GM close to developing million-mile battery

It appears Tesla isn’t the only automaker at the forefront of battery technology.

After it was reported in May that Tesla and Chinese battery supplier CATL were readying a low-cost battery capable of lasting a million miles, Doug Parks, head of global product development and purchasing at General Motors, said in an interview with Reuters published Tuesday that GM was “almost there” on development of its own battery able to last a million miles.

According to Parks, GM is already developing more advanced batteries than the Ultium battery announced in March. And Tim Grewe, head of global electrification and battery systems at GM, told Green Car Reports in an interview published Wednesday that GM is laying the groundwork for batteries that will easily deliver 500-600 miles of range.

The upcoming Ultium battery, which was developed with South Korea’s LG Chem and due to be sourced from a plant in Lordstown, Ohio, operated by Ultium Cells, a joint venture between GM and LG Chem, will be able to deliver up to 400 miles of range. The battery will first appear in the Cadillac Lyriq and GMC Hummer EV both due in 2021.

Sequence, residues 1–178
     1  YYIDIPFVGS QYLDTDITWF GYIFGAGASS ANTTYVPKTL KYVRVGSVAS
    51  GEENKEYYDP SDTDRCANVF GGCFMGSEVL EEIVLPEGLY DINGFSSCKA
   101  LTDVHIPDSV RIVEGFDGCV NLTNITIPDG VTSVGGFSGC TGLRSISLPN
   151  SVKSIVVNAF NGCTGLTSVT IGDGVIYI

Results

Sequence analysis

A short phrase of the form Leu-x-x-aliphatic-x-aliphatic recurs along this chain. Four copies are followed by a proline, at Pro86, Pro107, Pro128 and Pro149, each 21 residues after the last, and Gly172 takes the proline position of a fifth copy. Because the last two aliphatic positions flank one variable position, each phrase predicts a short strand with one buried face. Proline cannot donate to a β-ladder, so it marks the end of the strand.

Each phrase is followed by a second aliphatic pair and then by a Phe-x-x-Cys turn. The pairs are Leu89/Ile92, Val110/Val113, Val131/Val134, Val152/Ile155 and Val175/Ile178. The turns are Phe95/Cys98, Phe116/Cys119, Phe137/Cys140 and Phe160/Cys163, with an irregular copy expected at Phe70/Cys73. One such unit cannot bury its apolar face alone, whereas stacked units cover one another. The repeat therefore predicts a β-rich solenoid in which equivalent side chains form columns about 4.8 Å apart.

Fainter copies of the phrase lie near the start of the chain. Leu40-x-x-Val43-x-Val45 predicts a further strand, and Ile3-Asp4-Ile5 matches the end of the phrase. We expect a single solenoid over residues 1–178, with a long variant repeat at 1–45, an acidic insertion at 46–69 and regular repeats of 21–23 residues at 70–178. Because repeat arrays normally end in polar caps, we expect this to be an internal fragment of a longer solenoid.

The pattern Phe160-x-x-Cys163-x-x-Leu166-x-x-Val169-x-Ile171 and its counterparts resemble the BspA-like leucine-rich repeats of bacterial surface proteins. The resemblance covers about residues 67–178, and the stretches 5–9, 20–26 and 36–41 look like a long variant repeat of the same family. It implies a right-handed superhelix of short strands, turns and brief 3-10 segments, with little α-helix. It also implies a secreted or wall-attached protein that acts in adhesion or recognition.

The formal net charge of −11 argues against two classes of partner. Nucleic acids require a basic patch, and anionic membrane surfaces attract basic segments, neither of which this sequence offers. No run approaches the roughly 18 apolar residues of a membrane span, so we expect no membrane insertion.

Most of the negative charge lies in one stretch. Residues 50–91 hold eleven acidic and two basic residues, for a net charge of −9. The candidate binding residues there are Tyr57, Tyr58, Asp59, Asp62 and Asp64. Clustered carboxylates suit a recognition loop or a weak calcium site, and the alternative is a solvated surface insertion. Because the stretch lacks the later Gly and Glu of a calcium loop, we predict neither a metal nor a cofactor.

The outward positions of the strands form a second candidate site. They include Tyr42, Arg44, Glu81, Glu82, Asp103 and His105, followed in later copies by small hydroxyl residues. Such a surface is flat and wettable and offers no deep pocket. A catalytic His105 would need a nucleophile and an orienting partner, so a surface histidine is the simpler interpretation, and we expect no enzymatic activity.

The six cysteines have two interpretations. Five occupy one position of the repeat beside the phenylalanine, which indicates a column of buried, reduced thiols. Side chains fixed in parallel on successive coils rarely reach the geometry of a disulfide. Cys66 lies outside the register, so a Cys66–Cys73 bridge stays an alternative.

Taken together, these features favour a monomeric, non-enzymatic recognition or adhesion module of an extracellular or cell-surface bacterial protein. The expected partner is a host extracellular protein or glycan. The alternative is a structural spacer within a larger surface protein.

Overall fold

Artist's impression of Ultium Cells' battery plant in Lordstown, Ohio

Artist’s impression of Ultium Cells’ battery plant in Lordstown, Ohio

Ultium Cells will also supply batteries for two electric cars from Honda. The new Honda models are being developed in partnership with GM which is supplying its BEV3 modular EV platform. GM will also build the vehicles, while Honda will be responsible for the interior and exterior designs and driving characteristics.

To reduce the cost of batteries, Parks in his interview with Reuters said GM was developing battery cells with reduced cobalt and even some zero-cobalt designs. Cobalt is the most expensive material used in existing battery cells.

GM has said the Ultium battery will likely have cells priced below the $ 100 per kilowatt-hour mark, also due to a reduced reliance on cobalt. Driving the price down further means automakers will be able to build EVs at roughly the same price as internal-combustion models.

Reducing the price of batteries is key to GM’s goal of delivering a million EVs per year by as early as 2025.

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